To become a clinical psychologist in Ireland an accredited honours undergraduate degree where psychology is the major subject is required, as well as completion of a recognised postgraduate training programme in clinical psychology. Candidates can enhance chances of achieving a place on such a programme by achieving a high-grade at undergraduate level (minimum 2.1 grade) and obtaining further research or academic experience relevant to the field of clinical psychology.
Do I need to be licensed or registered to practise as a psychologist in Singapore?
At present, there is no official statutory regulation of the practice of psychology in Ireland. Therefore, it is not compulsory for you to be licensed or registered with a government agency or professional board to practise as a psychologist. However, employers and clients are likely to request evidence of your ability to practice so in practice it is important to be accredited by a reputable organisation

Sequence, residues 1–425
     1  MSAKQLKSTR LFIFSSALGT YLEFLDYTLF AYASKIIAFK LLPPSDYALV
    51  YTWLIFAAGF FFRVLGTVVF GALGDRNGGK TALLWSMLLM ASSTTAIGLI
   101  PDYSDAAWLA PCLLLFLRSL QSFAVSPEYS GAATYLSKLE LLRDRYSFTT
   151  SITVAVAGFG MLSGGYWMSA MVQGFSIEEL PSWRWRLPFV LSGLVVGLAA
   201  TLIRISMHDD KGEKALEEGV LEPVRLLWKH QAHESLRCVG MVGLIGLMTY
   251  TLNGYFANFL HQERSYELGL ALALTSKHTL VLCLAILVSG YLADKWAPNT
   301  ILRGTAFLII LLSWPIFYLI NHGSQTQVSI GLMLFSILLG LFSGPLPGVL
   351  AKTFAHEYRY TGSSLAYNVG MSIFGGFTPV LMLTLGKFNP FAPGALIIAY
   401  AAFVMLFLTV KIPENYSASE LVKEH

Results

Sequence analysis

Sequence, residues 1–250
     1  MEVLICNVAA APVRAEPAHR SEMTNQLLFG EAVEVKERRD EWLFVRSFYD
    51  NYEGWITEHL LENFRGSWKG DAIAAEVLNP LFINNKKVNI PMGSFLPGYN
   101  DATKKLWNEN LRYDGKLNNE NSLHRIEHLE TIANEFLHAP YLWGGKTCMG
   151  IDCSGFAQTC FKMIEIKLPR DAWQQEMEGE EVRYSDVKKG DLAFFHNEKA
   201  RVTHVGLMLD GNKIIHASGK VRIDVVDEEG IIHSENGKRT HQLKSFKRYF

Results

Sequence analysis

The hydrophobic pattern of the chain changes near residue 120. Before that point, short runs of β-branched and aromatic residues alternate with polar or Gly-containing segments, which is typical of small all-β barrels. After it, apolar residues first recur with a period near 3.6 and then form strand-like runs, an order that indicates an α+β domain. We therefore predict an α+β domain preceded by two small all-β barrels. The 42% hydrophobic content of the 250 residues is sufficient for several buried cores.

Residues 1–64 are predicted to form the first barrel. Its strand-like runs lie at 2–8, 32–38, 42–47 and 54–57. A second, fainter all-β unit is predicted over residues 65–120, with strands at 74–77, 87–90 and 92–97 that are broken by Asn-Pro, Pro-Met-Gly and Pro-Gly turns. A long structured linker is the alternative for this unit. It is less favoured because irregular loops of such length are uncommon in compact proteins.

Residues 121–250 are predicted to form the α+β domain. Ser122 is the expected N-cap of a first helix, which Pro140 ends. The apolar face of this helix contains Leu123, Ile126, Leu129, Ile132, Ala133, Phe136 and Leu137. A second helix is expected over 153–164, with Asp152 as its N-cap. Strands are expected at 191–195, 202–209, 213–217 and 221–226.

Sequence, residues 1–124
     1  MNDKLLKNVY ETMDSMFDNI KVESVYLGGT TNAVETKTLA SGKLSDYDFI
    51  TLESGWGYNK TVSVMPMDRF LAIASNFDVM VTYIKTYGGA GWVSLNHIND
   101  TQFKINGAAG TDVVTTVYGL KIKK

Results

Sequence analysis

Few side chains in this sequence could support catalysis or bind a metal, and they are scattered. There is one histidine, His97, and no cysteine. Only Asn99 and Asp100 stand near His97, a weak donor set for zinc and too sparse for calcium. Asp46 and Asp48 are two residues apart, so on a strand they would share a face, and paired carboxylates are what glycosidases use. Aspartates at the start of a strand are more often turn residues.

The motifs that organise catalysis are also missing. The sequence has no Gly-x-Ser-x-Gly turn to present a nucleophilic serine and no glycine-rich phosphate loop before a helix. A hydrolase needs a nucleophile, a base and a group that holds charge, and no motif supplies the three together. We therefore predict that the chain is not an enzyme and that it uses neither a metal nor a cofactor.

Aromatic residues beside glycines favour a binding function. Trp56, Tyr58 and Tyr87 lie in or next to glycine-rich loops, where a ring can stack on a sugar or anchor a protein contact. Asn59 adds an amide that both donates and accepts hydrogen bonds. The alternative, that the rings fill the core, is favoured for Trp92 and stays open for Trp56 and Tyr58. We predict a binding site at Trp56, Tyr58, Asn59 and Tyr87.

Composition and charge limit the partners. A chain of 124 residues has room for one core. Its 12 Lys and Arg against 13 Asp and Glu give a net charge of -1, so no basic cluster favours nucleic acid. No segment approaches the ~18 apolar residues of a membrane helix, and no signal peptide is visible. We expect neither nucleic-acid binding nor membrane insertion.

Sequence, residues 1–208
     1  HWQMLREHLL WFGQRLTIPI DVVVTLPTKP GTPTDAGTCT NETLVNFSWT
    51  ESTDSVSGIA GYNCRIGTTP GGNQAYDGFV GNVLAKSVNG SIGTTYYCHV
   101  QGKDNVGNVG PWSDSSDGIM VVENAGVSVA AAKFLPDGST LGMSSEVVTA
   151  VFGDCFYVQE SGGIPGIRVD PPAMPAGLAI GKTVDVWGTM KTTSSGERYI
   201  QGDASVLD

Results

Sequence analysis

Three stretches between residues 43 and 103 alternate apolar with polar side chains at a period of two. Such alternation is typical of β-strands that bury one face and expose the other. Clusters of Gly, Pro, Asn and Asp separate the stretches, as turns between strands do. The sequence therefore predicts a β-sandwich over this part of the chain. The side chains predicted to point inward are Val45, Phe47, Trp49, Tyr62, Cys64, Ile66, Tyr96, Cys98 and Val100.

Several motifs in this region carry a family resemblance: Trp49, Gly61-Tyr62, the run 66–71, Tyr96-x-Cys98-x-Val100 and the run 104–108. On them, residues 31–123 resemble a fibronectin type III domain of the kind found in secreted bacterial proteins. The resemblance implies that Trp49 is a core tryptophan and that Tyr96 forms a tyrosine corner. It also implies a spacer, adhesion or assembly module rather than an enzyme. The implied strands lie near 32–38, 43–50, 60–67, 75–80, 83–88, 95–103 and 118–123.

Who accredits psychologists in Ireland?
The PhD and doctorate (PsyD) courses in Clinical Psychology are accredited by the Psychological Society of Ireland (PSI).
If I train as a Clinical Psychologist in Ireland will I be able to practice in my home country?
It is advisable to check with relevant authorities or potential employers in your home country to determine whether an Irish qualification will be recognised.
How much will it cost?
Annual fees for international students range between €13,000 (Euros) & €30,000 per year.
You should also consider how much it will cost to live in Ireland. Information on cost of living in Ireland can be found on the Irish Council for International Students website.
Which Universities currently offer places for international students to study clinical psychology?
It isn’t entirely clear which courses offer places to international students but these courses might: